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The Entryway Draws Criticism, Dialogue

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Photo by Kara Mears/The Entryway
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Bold statements can draw major criticism. Such is the case with the optimistic view I shared at the end of my post about The Entryway, an online project in which two white women move into a household of immigrants in the MacArthur Park/Westlake area to, in part, "learn Spanish so that [they] can better report our native city."

As with any project of this type, it drew criticism in the comments section and some observations last Friday from Kevin Roderick on KCRW. "This style of immersion journalism is always open to criticism as inauthentic or patronizing," he said. "After all, there are plenty of experts already on L.A. immigrant culture - hundreds of thousands live it every day. They could just be interviewed, or hired to report it themselves." Roderick, however, noted that projects like this "can yield wonderfully detailed and authentic insights."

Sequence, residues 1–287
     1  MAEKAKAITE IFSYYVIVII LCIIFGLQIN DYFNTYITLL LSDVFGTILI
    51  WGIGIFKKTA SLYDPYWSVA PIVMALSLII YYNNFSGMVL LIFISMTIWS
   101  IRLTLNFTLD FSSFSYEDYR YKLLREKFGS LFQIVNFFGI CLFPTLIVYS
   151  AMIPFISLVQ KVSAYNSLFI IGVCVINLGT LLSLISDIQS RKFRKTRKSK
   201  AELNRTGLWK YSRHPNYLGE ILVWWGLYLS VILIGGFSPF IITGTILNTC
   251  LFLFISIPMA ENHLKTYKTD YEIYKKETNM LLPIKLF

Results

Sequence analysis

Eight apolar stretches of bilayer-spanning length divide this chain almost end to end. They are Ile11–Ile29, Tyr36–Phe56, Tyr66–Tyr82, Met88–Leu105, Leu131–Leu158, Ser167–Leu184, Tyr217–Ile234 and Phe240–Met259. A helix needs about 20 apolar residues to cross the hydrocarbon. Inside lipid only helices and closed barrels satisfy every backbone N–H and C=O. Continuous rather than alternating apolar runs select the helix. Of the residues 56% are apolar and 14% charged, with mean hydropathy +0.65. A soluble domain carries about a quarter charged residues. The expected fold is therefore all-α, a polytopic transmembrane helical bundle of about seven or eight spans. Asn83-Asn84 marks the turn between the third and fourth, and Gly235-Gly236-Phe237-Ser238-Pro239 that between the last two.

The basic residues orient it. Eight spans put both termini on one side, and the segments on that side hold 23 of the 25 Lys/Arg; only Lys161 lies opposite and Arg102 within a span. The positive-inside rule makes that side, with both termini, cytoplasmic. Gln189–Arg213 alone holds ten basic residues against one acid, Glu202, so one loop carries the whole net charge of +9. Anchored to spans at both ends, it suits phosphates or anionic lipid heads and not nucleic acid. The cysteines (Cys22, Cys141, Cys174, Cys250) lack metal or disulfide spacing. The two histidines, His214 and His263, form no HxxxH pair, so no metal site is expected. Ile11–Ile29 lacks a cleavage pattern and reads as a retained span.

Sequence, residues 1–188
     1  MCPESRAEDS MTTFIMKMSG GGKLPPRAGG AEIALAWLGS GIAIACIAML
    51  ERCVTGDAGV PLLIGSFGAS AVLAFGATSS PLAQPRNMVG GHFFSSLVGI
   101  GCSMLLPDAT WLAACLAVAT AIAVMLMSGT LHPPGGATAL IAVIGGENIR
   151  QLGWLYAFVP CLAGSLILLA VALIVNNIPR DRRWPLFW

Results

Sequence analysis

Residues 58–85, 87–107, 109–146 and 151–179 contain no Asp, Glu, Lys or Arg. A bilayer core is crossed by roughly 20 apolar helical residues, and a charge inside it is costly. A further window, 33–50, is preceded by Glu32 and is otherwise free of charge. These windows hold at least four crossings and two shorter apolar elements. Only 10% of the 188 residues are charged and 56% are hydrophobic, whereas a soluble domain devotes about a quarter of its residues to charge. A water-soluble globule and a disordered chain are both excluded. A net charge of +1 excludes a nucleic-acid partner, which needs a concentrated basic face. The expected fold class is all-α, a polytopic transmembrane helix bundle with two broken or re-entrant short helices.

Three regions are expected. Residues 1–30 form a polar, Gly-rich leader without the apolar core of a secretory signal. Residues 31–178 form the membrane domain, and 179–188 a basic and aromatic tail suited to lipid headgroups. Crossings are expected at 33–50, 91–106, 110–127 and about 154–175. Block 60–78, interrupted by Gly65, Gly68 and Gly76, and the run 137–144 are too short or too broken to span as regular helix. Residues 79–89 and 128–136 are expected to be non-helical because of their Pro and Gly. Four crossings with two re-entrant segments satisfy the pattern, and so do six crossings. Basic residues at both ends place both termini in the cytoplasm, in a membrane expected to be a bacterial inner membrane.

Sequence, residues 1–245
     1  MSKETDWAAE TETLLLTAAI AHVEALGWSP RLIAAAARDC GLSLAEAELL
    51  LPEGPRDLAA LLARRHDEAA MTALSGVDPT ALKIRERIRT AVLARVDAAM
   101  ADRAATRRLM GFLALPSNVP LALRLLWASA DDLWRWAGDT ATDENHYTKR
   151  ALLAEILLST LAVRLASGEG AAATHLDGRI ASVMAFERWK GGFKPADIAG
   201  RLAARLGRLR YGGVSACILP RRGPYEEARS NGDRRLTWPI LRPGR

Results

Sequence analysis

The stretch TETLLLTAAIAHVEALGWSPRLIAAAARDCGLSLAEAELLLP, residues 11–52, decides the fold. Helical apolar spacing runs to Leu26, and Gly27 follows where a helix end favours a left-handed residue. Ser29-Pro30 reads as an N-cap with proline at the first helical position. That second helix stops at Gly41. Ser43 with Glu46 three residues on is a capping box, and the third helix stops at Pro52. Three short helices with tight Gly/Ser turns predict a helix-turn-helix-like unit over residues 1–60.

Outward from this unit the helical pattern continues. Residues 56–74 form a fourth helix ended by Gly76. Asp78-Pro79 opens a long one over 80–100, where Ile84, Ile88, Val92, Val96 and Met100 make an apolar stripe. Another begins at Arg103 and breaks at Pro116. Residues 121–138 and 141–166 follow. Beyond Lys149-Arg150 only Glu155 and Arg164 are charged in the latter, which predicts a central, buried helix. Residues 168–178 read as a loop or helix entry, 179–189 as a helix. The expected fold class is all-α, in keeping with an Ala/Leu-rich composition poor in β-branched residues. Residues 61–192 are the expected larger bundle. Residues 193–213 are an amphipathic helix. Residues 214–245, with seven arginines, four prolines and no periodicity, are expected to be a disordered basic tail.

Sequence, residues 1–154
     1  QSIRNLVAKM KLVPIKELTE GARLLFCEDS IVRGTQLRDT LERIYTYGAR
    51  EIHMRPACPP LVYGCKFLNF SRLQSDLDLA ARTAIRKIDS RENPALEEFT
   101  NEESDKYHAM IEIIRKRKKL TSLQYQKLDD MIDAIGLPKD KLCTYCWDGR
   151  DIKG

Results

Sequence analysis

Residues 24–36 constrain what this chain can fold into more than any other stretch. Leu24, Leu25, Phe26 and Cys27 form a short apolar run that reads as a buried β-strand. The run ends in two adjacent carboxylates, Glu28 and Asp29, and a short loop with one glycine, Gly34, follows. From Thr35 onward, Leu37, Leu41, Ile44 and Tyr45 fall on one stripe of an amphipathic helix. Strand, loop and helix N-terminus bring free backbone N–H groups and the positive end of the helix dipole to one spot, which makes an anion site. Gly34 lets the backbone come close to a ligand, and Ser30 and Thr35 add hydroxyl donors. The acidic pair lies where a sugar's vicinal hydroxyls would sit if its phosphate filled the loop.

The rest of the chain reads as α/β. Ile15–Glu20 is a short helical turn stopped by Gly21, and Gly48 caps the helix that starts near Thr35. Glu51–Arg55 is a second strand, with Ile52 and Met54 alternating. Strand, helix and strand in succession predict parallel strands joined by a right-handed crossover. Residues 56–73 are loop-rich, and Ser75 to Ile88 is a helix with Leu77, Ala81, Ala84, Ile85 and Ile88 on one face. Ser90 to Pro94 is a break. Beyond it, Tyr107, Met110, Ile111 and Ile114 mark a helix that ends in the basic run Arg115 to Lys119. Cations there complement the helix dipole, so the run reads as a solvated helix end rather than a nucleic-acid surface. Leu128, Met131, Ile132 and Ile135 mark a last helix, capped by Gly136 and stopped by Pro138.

Add to that this from Tuesday. "This is not what we need. Not what we need to celebrate, not what we need to encourage," wrote Daniel Hernandez in an opinion post on his website. "Progress is needed in media values in the same way we've seen progress in media platforms. So if independent media workers (or wealthy foundations, or documentary filmmakers) truly care about giving voice to marginalized voices, they should empower immigrants and poor people to tell their own stories. All it takes is a cheap or donated camera, an Internet connection, and a bit of encouragement. Look at Project Luz, or the Border Film Project, for starters."